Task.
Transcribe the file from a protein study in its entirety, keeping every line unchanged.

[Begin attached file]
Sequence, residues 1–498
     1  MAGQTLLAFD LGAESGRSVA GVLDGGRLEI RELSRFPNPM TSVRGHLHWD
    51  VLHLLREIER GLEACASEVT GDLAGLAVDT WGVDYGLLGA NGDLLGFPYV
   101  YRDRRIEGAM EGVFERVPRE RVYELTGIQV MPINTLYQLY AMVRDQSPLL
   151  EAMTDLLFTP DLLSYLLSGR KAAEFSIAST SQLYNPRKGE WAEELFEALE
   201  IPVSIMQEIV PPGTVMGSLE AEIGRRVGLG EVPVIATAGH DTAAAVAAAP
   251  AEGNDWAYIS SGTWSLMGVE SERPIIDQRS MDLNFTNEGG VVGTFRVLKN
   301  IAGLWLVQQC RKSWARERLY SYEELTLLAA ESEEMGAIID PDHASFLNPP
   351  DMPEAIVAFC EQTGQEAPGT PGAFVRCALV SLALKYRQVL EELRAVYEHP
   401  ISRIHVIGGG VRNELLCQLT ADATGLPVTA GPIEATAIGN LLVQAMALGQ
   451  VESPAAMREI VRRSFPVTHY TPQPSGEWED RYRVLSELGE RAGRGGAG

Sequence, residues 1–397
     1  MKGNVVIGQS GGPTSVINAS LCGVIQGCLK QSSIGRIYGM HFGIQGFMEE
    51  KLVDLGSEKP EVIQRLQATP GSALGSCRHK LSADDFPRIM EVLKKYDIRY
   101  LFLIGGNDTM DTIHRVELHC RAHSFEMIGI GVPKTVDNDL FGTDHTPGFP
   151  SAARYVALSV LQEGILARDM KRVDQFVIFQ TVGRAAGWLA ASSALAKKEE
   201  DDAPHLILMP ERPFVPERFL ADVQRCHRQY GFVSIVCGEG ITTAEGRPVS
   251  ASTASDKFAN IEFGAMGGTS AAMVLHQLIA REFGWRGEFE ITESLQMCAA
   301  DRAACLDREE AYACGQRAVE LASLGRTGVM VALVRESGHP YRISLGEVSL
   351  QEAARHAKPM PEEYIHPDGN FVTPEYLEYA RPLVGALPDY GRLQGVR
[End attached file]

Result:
Sequence, residues 1–498
     1  MAGQTLLAFD LGAESGRSVA GVLDGGRLEI RELSRFPNPM TSVRGHLHWD
    51  VLHLLREIER GLEACASEVT GDLAGLAVDT WGVDYGLLGA NGDLLGFPYV
   101  YRDRRIEGAM EGVFERVPRE RVYELTGIQV MPINTLYQLY AMVRDQSPLL
   151  EAMTDLLFTP DLLSYLLSGR KAAEFSIAST SQLYNPRKGE WAEELFEALE
   201  IPVSIMQEIV PPGTVMGSLE AEIGRRVGLG EVPVIATAGH DTAAAVAAAP
   251  AEGNDWAYIS SGTWSLMGVE SERPIIDQRS MDLNFTNEGG VVGTFRVLKN
   301  IAGLWLVQQC RKSWARERLY SYEELTLLAA ESEEMGAIID PDHASFLNPP
   351  DMPEAIVAFC EQTGQEAPGT PGAFVRCALV SLALKYRQVL EELRAVYEHP
   401  ISRIHVIGGG VRNELLCQLT ADATGLPVTA GPIEATAIGN LLVQAMALGQ
   451  VESPAAMREI VRRSFPVTHY TPQPSGEWED RYRVLSELGE RAGRGGAG

Sequence, residues 1–397
     1  MKGNVVIGQS GGPTSVINAS LCGVIQGCLK QSSIGRIYGM HFGIQGFMEE
    51  KLVDLGSEKP EVIQRLQATP GSALGSCRHK LSADDFPRIM EVLKKYDIRY
   101  LFLIGGNDTM DTIHRVELHC RAHSFEMIGI GVPKTVDNDL FGTDHTPGFP
   151  SAARYVALSV LQEGILARDM KRVDQFVIFQ TVGRAAGWLA ASSALAKKEE
   201  DDAPHLILMP ERPFVPERFL ADVQRCHRQY GFVSIVCGEG ITTAEGRPVS
   251  ASTASDKFAN IEFGAMGGTS AAMVLHQLIA REFGWRGEFE ITESLQMCAA
   301  DRAACLDREE AYACGQRAVE LASLGRTGVM VALVRESGHP YRISLGEVSL
   351  QEAARHAKPM PEEYIHPDGN FVTPEYLEYA RPLVGALPDY GRLQGVR